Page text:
3Com is taking Cisco head on in the enterprise router space claiming its new line of WAN router products will be cheaper than Cisco's and prove a viable alternative to the market leader.
Last week the company announced that it will be re-entering the enterprise router space with a series of routers for the regional, branch and main offices. The products are courtesy of its joint venture with Chinese vendor, Huawei Technologies.
The products would line up directly against its Cisco counterparts, 3Com's international business development manager, Andy Gijsbrechts, said. The 3Com 5009 would compete against the Cisco 1751 Modular Access routers in the branch office, he said.
The 3Com 5231 would come up against the Cisco 2650XM Multiservice Router in the regional office and in the main office the 3Com 5640/5680 routers would compete against the Cisco 3600 series.
Gijsbrechts said all up the products would be from 20 per cent to 30 per cent less than Cisco products.
He said none of the routers would come with any hidden costs such as memory upgrades.
As an example, he claimed Cisco typically sold its routers with minimum memory and required customers to upgrade later at a greater cost.
Asked to respond a Cisco spokesperson said Cisco did not comment directly on the competition's claims.
When IDC's research director for infrastructure and communications, Joel Martin, was asked if Cisco should be scared, he said "no". But Martin did say that 3Com had a chance to make a play in the Australian market.
However, the size of the two companies is incomparable at the moment. Currently 3Com has local sales and support staff of 11 people compared to Cisco which has hundreds.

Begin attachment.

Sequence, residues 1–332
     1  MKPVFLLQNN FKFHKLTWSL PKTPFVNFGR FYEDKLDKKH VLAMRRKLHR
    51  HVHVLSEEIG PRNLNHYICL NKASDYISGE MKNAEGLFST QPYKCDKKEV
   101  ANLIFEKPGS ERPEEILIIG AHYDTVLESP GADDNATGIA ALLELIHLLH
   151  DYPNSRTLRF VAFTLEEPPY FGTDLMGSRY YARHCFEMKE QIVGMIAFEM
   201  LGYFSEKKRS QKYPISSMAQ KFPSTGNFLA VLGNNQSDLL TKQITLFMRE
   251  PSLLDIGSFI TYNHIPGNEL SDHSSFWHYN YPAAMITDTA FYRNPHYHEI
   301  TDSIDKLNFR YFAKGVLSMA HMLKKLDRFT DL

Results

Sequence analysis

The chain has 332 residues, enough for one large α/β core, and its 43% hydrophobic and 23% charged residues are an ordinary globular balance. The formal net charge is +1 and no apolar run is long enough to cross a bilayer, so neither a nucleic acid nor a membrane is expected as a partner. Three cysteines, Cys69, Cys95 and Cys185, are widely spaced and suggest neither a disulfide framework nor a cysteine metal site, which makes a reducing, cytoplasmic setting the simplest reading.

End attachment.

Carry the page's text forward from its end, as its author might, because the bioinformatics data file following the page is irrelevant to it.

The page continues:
In addition, 3Com is without a local managing director following the departure of Mike Clarke last week. The business will now be split and run by two directors that report to Stanimira Koleva, 3Com president for Asia South. The as yet to be appointed mangers will have the role of enterprise sales director, and a channel/education sales leader which will also include overseeing the SMB space.
"It is a big challenge, but it is an opportunity," Koleva said of the company's push into the enterprise market. She said she hoped to see Australian customers deploying 3Com enterprise products in the next six to nine months.
In the meantime, Koleva has appointed Simon Edwards from the company's UK office to look after distribution strategy which presently includes LAN Systems, Ingram Micro and Tech Pacific.
"We are not looking to change anything dramatically," he said, shortly after arriving in Australia. "We currently have a good distributor base and look to further enhance that existing relationship."